A Fuller Understanding Of Fully Convolutional Networks
Fully convolutional networks are end-to-end, pixels-to-pixels architectures for image-to-image tasks such as semantic segmentation, surface normal estimation, and colorization. By addressing the whole task these networks can do image-to-image mapping with efficient inference and learning. Casting classification networks into fully convolutional form brings transfer learning to pixelwise problems for accuracy and data efficiency. Fusing features across layers yields a multi-resolution, joint model of what and where to refine the output. Fully convolutional networks take a step in the direction of a unified, learned approach to pixel prediction. In this talk I'll cover the definition and operation of fully convolutional networks, examine new experiments that inform the care and feeding of these models, and highlight extensions to weak supervision, structured output, and video.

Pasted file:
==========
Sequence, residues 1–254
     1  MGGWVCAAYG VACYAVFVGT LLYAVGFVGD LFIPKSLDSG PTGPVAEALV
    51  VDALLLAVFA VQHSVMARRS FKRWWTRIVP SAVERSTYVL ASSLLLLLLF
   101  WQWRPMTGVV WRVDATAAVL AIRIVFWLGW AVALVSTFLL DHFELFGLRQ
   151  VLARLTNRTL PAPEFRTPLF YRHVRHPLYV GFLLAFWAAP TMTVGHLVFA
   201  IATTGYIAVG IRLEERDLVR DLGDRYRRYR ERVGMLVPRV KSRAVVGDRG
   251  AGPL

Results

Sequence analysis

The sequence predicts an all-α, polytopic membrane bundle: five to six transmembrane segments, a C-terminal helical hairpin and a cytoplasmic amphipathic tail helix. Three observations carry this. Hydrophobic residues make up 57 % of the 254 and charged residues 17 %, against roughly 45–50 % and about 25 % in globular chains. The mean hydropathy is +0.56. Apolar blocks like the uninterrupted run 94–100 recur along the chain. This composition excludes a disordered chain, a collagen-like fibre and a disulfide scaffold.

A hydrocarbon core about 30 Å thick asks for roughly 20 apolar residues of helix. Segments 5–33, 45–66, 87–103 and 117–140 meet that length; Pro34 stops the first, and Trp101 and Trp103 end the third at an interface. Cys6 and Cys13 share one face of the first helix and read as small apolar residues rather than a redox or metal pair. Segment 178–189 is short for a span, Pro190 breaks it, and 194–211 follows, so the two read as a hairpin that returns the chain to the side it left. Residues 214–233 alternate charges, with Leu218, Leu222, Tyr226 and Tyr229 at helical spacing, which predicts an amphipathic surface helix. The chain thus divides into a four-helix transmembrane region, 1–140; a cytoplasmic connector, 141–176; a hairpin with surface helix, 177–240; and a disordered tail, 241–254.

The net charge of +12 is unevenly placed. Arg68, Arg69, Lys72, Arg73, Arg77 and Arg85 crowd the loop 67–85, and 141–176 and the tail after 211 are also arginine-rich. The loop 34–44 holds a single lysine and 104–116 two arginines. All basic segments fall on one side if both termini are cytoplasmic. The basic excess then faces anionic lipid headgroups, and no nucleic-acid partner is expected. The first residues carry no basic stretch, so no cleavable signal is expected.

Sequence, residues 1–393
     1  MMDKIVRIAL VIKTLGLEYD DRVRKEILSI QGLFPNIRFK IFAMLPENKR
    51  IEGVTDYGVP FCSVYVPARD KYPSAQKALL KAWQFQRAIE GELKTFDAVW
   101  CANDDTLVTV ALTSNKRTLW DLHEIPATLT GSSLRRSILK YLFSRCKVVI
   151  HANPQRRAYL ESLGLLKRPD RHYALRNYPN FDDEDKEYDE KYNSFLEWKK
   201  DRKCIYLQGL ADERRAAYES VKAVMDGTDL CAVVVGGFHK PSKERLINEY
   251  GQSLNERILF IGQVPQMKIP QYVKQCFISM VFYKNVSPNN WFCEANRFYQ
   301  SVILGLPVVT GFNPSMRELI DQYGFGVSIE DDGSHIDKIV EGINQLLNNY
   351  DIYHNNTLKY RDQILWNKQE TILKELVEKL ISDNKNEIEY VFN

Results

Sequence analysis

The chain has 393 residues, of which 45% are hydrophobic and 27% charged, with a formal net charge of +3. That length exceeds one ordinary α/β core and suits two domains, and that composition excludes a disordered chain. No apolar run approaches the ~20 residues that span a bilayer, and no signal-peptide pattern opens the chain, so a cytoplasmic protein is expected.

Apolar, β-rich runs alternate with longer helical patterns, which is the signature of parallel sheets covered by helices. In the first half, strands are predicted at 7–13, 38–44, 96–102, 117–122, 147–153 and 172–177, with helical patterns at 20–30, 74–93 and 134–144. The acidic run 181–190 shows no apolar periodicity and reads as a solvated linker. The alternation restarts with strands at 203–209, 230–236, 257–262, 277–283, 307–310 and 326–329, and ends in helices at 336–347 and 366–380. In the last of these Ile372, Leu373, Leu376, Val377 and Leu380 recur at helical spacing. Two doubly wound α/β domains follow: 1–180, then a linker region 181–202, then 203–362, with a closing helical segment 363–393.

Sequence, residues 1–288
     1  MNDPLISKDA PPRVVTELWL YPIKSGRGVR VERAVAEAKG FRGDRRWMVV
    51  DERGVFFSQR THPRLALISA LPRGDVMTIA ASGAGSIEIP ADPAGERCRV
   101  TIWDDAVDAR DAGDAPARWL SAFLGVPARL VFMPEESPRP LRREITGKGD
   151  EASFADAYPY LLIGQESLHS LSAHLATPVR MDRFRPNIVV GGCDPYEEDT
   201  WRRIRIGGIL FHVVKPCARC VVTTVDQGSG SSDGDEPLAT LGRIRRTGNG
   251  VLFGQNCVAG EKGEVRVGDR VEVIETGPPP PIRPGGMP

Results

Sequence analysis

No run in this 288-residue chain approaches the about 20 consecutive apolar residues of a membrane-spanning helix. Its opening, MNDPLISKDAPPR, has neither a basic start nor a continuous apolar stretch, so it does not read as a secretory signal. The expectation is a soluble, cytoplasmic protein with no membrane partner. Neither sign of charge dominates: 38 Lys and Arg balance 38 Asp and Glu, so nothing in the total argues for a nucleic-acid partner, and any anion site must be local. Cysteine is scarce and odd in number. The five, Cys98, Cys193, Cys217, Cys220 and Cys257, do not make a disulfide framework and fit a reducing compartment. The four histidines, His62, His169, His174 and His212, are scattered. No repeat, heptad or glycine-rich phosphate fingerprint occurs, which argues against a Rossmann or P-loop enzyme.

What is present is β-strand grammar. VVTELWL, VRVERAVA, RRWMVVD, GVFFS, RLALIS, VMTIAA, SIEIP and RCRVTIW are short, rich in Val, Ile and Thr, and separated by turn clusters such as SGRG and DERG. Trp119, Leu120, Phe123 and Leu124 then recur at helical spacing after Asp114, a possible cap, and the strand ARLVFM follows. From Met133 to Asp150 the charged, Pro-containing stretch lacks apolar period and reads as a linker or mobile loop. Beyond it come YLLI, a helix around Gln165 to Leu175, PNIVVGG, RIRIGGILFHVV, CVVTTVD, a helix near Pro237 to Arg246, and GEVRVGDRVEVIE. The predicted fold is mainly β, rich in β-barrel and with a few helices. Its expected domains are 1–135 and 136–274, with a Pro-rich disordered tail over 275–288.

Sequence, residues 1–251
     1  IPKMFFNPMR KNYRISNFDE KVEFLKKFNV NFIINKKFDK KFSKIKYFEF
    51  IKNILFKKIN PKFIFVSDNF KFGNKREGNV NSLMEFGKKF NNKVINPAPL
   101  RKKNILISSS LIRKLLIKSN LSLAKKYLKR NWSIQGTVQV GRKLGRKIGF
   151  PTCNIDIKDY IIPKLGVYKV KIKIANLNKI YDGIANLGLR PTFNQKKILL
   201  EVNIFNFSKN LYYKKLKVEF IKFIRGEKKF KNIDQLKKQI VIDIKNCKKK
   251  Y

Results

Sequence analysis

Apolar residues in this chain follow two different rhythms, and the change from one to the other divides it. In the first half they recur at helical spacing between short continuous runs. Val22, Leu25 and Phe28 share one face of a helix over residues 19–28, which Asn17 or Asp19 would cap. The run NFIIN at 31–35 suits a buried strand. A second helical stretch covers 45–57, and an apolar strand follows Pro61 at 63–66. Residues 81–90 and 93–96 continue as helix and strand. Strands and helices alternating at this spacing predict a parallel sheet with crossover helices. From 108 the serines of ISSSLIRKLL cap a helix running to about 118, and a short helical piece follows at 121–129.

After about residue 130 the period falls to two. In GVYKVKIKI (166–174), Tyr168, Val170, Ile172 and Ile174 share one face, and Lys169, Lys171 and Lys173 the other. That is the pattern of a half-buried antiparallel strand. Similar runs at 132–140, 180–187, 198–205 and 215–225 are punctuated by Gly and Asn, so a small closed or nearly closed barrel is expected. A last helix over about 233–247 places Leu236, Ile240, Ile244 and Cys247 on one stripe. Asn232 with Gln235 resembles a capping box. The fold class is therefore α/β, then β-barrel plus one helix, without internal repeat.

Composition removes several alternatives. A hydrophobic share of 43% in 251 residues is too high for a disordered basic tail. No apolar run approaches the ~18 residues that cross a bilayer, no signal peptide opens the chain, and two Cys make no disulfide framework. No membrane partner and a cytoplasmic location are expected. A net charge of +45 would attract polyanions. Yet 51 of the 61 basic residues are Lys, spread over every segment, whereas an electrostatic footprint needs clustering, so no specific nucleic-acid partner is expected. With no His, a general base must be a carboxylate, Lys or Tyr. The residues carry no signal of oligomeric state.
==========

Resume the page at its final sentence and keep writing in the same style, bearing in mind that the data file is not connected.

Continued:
Evan Shelhamer is a PhD student at UC Berkeley advised by Trevor Darrell as a member of the Berkeley AI Research. His research is on deep learning and end-to-end optimization for vision. Before switching coasts, he studied computer science (AI concentration) and psychology at University of Massachusetts Amherst. He is the lead developer of the Caffe deep learning framework and takes his coffee black.